It’s not uncommon to find yourself closely identifying with the users you are designing for, especially if you work in consumer products. You may even find yourself exposed to the exact experiences you’re tasked with designing, as I recently discovered when I went from researching hematologist-oncologists (HemOncs) and their clinics to receiving care from a HemOnc physician in his clinic. (Thankfully, all is now well with my health.)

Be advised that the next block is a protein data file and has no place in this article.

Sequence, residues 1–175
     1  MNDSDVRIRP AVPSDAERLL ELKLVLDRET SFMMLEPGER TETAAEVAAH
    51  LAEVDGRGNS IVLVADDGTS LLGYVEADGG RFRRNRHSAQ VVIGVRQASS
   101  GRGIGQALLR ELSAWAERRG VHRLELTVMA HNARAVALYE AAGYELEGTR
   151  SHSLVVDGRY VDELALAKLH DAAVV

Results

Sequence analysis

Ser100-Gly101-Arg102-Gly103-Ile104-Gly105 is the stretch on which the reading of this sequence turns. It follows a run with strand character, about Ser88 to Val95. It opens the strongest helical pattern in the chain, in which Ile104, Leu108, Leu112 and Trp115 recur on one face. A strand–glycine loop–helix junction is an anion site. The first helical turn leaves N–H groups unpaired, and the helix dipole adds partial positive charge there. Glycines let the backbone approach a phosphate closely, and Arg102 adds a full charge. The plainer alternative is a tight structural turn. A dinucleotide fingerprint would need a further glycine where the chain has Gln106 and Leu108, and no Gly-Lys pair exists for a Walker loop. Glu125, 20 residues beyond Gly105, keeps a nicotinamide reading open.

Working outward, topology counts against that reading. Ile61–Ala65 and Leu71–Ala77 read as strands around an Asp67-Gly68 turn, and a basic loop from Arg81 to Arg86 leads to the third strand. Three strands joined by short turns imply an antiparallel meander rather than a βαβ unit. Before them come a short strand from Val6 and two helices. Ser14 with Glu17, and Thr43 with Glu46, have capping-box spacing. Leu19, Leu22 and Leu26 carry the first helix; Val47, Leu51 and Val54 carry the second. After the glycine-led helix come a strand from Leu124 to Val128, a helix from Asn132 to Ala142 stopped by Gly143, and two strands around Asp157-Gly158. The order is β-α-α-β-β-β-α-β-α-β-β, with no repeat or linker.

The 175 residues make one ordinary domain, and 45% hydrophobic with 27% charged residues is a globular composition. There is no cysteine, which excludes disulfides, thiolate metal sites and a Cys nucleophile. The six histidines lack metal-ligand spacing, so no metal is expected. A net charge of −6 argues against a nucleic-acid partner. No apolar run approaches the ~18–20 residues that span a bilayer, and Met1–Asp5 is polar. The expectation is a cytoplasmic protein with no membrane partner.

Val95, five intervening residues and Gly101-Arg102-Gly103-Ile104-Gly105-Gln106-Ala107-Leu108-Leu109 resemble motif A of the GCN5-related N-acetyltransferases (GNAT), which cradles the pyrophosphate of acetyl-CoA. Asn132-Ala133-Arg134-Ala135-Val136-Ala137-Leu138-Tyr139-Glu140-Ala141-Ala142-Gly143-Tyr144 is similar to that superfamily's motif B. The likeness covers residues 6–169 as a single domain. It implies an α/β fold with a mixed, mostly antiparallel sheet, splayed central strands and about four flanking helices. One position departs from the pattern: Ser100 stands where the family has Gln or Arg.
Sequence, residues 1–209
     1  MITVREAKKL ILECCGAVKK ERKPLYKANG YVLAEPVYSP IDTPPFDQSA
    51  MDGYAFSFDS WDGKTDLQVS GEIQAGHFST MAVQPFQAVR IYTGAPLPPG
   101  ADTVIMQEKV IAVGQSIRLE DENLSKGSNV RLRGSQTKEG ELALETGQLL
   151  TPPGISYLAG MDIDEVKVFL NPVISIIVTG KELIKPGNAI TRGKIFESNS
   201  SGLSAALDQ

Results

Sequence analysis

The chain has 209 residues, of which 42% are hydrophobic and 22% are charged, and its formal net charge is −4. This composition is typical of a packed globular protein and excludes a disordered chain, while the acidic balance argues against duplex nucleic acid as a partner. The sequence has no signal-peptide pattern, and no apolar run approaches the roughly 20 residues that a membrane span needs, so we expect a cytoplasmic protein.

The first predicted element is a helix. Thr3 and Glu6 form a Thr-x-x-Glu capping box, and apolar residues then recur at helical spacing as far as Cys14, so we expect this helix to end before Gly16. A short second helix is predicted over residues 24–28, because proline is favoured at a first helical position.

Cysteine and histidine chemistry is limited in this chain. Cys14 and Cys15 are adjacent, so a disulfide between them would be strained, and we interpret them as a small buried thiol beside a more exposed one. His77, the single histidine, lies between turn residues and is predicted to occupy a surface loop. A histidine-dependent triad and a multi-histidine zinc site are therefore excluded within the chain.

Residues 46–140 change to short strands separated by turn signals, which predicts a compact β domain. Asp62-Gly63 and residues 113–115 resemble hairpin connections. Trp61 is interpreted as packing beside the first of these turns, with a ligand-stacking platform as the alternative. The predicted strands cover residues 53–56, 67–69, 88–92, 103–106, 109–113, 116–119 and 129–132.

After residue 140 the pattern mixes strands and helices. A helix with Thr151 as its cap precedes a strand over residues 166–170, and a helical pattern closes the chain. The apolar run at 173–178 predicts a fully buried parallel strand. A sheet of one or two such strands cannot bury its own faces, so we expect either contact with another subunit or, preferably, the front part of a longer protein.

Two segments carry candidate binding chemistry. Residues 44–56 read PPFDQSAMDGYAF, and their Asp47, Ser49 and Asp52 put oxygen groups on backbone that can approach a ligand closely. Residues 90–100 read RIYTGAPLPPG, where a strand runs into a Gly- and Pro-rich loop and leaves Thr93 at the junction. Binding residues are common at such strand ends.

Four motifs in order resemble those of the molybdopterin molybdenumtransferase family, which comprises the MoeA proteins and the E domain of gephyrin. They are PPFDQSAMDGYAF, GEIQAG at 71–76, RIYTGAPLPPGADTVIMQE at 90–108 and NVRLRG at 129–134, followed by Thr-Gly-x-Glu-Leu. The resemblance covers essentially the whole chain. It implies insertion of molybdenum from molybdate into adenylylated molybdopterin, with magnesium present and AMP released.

This led to some revealing insights. Suddenly I was approaching my experience not just as a personal life event, but as both the designing observer, taking note of every detail, and the subject, or user, receiving the care. Instead of passively observing, I focused on engaging in a walk-a-mile exercise, literally walking in my own shoes, as my own user.